Apple has faced mounting geopolitical woes in China. Last year, foreign ministry spokesperson Mao Ning said iPhones could have security concerns despite not publicly confirming that Chinese central and government agencies have blocked the use of the handsets.

Huawei, Apple’s top rival in China’s premium handset segment, last week introduced its latest flagship Pura 70 series, following its surprise release of the Mate 60 Pro series—made with in-house chips—in the second half of 2023. Huawei’s comeback is likely to pressure Apple as well as high-end phone rivals Oppo and Vivo in China. Huawei’s shipments in its home market in the first quarter of 2024 jumped 69.7% from a year earlier, while Apple’s plunged 19.1%, Counterpoint data shows.

Globally, Apple’s shipments in the first quarter of this year fell nearly 10%, IDC data shows, a deeper year-on-year decline than what peers like Samsung and Xiaomi experienced.

A few weeks after his China visit, Cook continued his diplomatic turn with a trip through Southeast Asia, meeting with Vietnamese Prime Minister Pham Minh Chinh, Indonesian President Joko Widodo, and Lawrence Wong, Singapore’s deputy prime minister and prime minister-in-waiting.

Apple said it will increase spending on suppliers in Vietnam, consider manufacturing in Indonesia and invest more than USD 250 million in its Singapore campus to “provide space for growth and new roles in artificial intelligence and other key functions.”

Karen Ma Li-Yen, director of emerging regions collaboration at IEK Consulting, said Apple will likely continue to work with Chinese suppliers because it hopes to strike a geopolitical balance and because these companies can provide cost-effective solutions.

“It has some geopolitical considerations,” Ma said, “and it has to continue to work with China-based suppliers, as Huawei is showing strong signs of a comeback. If Apple hopes to continue to secure the China market, it has to share some benefits with Chinese suppliers. [But] it’s not all related to geopolitical factors. A lot of Chinese suppliers can offer quality components at cost-efficient prices. It’s also a commercial decision.”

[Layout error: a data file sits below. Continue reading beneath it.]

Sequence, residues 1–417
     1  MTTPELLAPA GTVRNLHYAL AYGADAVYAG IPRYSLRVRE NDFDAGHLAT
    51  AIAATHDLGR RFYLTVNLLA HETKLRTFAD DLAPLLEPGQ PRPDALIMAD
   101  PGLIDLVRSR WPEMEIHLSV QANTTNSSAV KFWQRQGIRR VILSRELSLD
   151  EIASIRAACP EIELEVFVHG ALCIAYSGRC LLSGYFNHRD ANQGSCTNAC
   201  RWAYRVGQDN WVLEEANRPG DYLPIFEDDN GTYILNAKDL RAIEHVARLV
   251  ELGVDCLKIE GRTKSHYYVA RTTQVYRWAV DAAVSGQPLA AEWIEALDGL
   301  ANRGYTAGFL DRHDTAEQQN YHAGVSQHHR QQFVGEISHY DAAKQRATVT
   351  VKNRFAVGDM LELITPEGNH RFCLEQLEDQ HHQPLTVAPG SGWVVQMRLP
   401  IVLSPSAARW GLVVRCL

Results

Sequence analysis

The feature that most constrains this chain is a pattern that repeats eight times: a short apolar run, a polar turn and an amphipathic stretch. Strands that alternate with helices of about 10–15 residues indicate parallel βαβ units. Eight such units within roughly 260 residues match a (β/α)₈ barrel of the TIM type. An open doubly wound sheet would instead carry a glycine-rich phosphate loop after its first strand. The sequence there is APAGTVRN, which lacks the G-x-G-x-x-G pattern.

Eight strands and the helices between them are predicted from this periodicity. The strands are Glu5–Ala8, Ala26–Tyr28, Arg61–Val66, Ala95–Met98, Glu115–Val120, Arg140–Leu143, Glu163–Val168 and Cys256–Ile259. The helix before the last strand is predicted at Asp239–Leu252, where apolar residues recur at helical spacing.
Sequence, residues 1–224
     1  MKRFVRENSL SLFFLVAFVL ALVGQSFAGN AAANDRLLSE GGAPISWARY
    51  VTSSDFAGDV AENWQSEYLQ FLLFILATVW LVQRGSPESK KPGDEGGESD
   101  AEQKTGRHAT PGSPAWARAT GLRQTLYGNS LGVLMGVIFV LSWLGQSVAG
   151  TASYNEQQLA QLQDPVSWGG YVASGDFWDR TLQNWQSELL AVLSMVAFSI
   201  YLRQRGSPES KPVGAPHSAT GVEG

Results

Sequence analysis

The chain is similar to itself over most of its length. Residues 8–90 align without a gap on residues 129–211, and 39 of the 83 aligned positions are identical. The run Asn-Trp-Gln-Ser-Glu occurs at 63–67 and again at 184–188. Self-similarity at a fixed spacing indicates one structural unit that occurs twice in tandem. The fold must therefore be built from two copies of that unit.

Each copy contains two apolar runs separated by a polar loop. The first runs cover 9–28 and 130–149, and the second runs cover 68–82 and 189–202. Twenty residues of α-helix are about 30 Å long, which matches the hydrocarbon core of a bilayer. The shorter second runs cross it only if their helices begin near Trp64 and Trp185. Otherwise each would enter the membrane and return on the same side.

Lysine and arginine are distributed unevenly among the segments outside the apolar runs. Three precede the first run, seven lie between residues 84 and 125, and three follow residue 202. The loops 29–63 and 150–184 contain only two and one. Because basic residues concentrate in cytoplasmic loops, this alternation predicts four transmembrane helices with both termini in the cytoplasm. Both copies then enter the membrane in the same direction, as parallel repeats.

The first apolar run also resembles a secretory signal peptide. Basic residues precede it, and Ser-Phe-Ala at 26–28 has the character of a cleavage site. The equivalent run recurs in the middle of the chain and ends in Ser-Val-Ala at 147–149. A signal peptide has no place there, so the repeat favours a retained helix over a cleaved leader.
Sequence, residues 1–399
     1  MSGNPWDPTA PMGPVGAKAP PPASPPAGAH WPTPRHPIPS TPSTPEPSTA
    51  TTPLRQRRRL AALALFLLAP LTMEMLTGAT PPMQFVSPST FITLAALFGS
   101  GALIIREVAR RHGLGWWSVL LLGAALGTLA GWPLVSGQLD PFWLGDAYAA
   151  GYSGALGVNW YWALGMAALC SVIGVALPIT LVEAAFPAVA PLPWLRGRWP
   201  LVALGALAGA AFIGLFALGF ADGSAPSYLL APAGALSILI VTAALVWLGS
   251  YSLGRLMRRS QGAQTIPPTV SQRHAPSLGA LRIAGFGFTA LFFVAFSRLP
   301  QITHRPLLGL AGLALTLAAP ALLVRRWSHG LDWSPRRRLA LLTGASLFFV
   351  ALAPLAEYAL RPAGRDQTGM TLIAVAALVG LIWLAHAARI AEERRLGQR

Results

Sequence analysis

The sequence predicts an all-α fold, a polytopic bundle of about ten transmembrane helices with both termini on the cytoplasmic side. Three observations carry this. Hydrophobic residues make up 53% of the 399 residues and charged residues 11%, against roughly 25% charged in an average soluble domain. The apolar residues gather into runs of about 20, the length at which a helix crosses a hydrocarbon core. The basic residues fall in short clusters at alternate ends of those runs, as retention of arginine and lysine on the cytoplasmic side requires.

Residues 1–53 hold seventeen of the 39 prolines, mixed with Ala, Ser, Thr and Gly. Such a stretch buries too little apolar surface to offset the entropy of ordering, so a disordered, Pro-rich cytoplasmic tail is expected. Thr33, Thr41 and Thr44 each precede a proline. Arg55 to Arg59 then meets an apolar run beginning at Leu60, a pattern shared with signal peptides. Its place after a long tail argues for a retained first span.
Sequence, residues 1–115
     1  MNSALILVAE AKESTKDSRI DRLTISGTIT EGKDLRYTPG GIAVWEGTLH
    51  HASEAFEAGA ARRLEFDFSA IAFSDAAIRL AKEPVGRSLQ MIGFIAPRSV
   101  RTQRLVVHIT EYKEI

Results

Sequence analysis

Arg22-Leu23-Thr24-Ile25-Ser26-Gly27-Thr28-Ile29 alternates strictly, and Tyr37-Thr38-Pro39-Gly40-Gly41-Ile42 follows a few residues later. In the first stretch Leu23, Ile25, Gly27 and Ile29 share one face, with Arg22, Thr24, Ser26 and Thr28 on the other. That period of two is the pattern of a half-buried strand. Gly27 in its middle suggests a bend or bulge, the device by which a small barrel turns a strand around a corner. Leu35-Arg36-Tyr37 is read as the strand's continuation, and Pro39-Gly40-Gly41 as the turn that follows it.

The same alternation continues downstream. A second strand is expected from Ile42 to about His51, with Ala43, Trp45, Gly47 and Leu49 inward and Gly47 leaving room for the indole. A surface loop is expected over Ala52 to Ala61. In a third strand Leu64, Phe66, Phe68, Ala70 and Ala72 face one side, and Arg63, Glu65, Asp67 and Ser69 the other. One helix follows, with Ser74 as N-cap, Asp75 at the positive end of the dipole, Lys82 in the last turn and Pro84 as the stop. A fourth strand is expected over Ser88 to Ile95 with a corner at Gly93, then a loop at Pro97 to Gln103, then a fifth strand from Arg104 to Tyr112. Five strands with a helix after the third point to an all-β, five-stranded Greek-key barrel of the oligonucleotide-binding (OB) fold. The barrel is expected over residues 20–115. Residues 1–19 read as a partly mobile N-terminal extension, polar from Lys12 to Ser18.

Ma, also an expert on Southeast Asia, said Apple’s suppliers are not likely to abandon production in China but will ramp up production outside the country. “Vietnam and Thailand are currently the most popular destinations for tech companies and their suppliers,” Ma said. “However, Vietnam has recently experienced a surge in companies moving in, leading to electricity and labor constraints. This has made Thailand an increasingly attractive alternative.”

India, meanwhile, is the world’s most populous nation and a massive market for electronics makers, but investment is not yet ramping up. In terms of foreign investment, Ma said, only device assemblers are increasing their production footprint in the country, while many components and electronics module makers are still in wait-and-see mode.

“Apple has been pushing component suppliers really hard to come to India,” said an executive in the iPhone supply chain whose company has invested in South Asia. “But the force of pulling is not enough to overcome the challenges and complexity suppliers will face in the country. It will take longer than we first thought to have a new ecosystem in India.”

Annabelle Hsu, an IDC tech analyst specializing in supply chains has noticed the same dynamic. “Overall,” Hsu said, “China still has the world’s most complete supply chain for laptop computers and smartphones. China remains a hub for key component and parts suppliers for laptops and phones. However, while diversification is a growing global trend, shifting supply chains is a complex process that takes time.”

This article first appeared on Nikkei Asia. It has been republished here as part of 36Kr’s ongoing partnership with Nikkei.